answered by
a VirtualTourist member

Thank you...we will walk! Kind Regards.




answered by
a VirtualTourist member

Hello. Trip is next week. The Uffizi is part of an organized tour and ends at 2 pm. As far as the gardens, I am more interested in statuary. We will be heading back to our car when the tour is over, so going over to the Boboli Gardens makes sense since our car will be parked at Piazalle Michelangelo. I think we will also stop at the San Miniato Basilica and cemetery as per your suggestion, although I am trying to find hours (that I can understand!). I have sent them an email. Thank you for your help...it is much appreciated!




answered by
a VirtualTourist member from Sacramento

Even in November the gardens are pleasant and some of the views of Florence from the gardens are magnificent. I would go through and up just for the views. Here's a photo from part way up. [original VT link]

Enjoy Florence. It's beautiful and incredibly interesting.




answered by
a VirtualTourist member from Minneapolis

The church's winter visiting hours are:

http://www.sanminiatoalmonte.it/orari

9:30-1:00 (13:00) and 3:00 (15:00) - 7:00 (19:00) Monday - Saturday

8:15 -13:00, and 15:00 - 19:00 Sunday

Try to avoid visiting during mass unless you care to hear it:

Sunday: 10:00, 11:30, 17:30 (the 17:30 mass is Latin/Gregorian chant, and said to be lovely)

Weekdays: 17:30 (also Latin/Gregorian Chant)




answered by
Mary Smith from Leicester

Walking is indeed essential and, in this instance, it would be daft to do anything else...especially as the route passes over the Ponte Vecchio!

But don't buy your garden tickets at the main Pitti Palace entrance. You'll almost certainly be stuck in a queue for the palace itself. Just keep walking and about 5 minutes' later, on the same side of the road, you'll find the gardens entrance. There won't be a queue there and you won't waste time waiting.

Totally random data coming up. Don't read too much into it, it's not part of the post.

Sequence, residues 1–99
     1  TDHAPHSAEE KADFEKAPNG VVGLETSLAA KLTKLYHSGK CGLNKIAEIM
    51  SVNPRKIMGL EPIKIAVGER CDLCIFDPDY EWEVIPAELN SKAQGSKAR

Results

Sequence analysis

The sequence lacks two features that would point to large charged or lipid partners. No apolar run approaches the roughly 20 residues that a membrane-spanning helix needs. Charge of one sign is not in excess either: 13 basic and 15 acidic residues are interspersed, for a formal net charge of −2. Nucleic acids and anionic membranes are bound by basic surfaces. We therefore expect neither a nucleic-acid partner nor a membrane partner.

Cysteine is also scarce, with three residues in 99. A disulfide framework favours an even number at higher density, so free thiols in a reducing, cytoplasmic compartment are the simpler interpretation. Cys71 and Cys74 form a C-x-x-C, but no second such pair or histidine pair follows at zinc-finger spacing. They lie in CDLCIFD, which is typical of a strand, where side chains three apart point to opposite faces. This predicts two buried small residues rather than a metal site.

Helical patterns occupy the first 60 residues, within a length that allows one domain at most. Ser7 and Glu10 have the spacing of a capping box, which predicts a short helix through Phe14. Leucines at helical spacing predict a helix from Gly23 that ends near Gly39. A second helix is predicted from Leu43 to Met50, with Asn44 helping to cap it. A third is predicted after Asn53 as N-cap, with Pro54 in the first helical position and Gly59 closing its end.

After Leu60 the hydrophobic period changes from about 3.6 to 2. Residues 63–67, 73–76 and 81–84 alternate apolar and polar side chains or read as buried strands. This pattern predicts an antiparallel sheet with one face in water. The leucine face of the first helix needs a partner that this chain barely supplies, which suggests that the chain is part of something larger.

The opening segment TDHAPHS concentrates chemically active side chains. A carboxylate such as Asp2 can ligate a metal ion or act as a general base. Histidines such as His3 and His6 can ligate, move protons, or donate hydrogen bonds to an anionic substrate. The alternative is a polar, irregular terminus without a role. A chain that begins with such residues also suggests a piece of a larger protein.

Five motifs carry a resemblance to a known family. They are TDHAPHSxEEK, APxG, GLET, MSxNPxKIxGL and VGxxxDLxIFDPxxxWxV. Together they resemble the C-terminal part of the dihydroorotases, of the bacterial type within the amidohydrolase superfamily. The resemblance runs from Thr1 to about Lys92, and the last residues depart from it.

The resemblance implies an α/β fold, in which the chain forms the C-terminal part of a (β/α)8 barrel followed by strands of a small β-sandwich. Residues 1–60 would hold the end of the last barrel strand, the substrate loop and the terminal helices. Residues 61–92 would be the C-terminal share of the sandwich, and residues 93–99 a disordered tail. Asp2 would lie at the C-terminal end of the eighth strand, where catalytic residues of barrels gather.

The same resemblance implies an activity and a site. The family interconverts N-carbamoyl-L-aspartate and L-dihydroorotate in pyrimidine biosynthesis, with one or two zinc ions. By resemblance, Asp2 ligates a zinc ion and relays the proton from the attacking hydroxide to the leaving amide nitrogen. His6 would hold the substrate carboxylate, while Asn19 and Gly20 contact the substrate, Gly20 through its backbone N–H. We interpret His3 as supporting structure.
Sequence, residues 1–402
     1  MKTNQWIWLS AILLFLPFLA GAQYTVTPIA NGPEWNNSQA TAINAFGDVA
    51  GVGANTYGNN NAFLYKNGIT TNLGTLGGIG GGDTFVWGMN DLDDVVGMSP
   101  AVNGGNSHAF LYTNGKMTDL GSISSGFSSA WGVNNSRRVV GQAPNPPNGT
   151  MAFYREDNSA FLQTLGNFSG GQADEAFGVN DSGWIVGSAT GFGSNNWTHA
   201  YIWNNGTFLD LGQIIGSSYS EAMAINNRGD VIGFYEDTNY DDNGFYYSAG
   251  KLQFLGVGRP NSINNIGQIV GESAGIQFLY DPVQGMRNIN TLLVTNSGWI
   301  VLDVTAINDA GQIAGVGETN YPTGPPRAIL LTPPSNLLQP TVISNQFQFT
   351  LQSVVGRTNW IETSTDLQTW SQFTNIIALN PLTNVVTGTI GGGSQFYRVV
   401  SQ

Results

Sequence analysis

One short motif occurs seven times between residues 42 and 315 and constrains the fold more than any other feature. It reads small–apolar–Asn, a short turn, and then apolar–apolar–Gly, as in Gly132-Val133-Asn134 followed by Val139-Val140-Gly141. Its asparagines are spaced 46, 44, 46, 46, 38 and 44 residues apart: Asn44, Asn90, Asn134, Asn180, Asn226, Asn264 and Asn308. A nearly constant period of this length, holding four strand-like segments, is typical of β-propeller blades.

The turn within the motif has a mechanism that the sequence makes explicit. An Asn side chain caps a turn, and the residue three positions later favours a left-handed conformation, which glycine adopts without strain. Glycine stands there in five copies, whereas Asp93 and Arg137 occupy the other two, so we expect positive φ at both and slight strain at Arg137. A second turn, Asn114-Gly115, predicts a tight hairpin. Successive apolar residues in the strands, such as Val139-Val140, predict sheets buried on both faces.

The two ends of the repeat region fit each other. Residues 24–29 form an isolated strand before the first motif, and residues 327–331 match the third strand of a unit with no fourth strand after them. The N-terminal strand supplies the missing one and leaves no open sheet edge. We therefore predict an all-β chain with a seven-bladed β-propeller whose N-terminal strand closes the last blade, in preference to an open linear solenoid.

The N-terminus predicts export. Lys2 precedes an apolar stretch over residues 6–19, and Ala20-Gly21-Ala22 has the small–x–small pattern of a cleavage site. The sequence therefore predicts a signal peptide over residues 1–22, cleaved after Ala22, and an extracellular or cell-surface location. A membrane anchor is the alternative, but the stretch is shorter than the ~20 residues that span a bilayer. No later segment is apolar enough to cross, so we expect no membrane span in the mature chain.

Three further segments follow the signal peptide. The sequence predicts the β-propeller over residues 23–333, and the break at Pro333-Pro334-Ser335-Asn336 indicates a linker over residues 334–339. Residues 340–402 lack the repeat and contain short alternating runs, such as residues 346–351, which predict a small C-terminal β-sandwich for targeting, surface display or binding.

[original VT link]

[original VT link]

If you then want to return to Piazza Michelangiolo and the wonderful San Miniato (if you haven't see it when you parked) it might be a good idea to catch bus 12, which stops not too far away from the gardens entrance (see info below). It saves you a slog on foot up the hill and, given that it's November, that won't be much fun in the failing light anyway.

You can find bus timetables and routes in English on the official Florence bus website:

ataf.net/en/timetables-and-r...

In Italy, you can't usually buy tickets on the bus though I suspect you may be able to do so in Florence. It is certainly possible on route 7, up to Fiesole...though tickets cost more than buying them in the normal manner, which is to get them from a newsagent or 'Tabacchi' (shops licensed to sell tobacco products, with a big T on signs outside). tickets for within-town journeys are not form place to place: they are just for a length of time.

You must validate (date-stamp) your ticket when you board the bus, using the machine by the driver. Doing that means the inspector knows that you are not using an invalid ticket (inspectors can and do board and check tickets at any time, and issue on-the-spot fines).




answered by